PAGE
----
Should the owner of a custom woodworking business be responsible for supplying personal hand tools such as drill/drivers, batteries for such, measuring tapes, squares, and or routers?
We maintain a very large selection of tooling such as router bits, band saw blades, saw blades and all durables like screws, nails and sand paper. In addition we have a large selection of hand tools and power tools for common use.
I feel responsible woodworkers should supply their own personal hand tools that would include the above mentioned, drill/drivers, routers, measuring and layout devices as well as chisels and others. In most other trades such as auto mechanics, framers, plumbers and so on, the worker must have a set of tools. I also feel most individuals will treat the tools better if they have to supply them. We would offer secure areas in the shop for each employee to store their tools. We could even offer some sort of payroll deduction purchase plan if needed to assist with the initial outlay of cash to tool up.
I would like some feedback on what owners and employees feel about this issue. Thank you very much in advance, all feedback will be welcomed and valuable.
(Business and Management Forum)
From contributor R:
Yes to things like drills, batteries, routers. No to things like tape measures, square, chisels, hammers, screwdrivers, etc. The powertools wear out fast and expecting the employee to buy themselves a new router after burning it out or having someone else break it while working in the shop I don't think it would be right.
Figure out where you would want to have tools based on where you need them and how you would want them stored then do that. A blue shadow board with a blue hammer on one side of the bench with a red shadow board and red hammer on the other will keep you from hiking unnecessarily and make it real easy to know where to go when you need something.
Standardization is the key for custom shops. There are already so many things working against you that you ought to take advantage of opportunities when you can. This one represents pretty low hanging fruit.
Employees operating heavy equipment (saws, shapers, CNCís, presses, etc.) should at least provide an apron, hammer, nailset and pliers. The company should also provide to those that need them supply boxes which contains screws, nails, glues, clamps, air compressors and nail guns, drills, routers. It all depends upon your job description.
To maintain control of this you must set up at 'tool list' that employees are required to purchase and maintain by a certain date. To help with this you can also work out a company tool purchase system wherein the company purchases tools from the list for the employee and is paid back in installments be they physical payments or payroll deductions.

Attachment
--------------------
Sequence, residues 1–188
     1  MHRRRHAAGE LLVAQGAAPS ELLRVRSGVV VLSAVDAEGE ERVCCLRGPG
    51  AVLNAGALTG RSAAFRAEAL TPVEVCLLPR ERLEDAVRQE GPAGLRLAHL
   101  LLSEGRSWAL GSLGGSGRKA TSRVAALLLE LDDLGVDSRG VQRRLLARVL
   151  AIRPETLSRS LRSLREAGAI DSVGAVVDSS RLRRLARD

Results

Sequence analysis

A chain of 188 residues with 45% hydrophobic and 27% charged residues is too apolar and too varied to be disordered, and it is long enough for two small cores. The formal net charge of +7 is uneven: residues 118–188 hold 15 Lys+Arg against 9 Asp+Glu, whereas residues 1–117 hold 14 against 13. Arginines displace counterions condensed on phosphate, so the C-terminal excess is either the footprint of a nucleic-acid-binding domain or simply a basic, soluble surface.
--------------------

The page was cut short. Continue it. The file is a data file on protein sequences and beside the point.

The idea behind making the employee responsible for tools is to increase awareness and personal responsibility. Someone will care for something a lot more if they have to pay for it.
On the other hand if youíre just knocking out the same product day in and out, then I agree with Contributor T that it's easier to have the tools needed for a given operation at that station ready to go.
So you need to make this decision based on your production needs and then put it into place. The key is that it has to be something in writing that a potential employee knows about before hiring. If youíre thinking about just requiring your current employees to start buying tools, well that's a whole different thread.
If you have an installer on your payroll you should provide tools also. Will an experienced installer have his own tools - perhaps. Again it shows commitment to his trade. If he is not on your payroll he should have everything including a license, insurance and trailer. I do feel that when you assign an employee a set of tools that they should be responsible for their care and maintenance.
I furthermore think that allowing employees to carry bags/tool boxes in and out of my shop would tempt some of them to take some tools out. Not so much the core crew, but the new employees that float in and out of jobs. Like I said, it is an inconsequential point. I realize it may be different in your situation.
I like to sharpen my own tools and what are the chances the last person to use it would touch it up after use . Drills are different, as well as sanders because they don't require the same amount of upkeep as planes and chisels. Even hammers are kind of personal. I don't like to go to use my finishing hammer to find the face all dented because someone used it to flatten a piece of metal. I went to use the block plane in the shop one day to find that someone had sharpened it on the belt sander. I supply all the tools but the journeymen I employ all still use their own tools.
A residential contractor friend of mine is moving toward giving his employees a list of tools to buy and a check to purchase them. The employee gets to keep the tools if they stay with the company. His idea is that the worker will take care of the tool better if he owns it. The contractor also gets to ensure the quality of the tools and that his crew is fully outfitted for the job.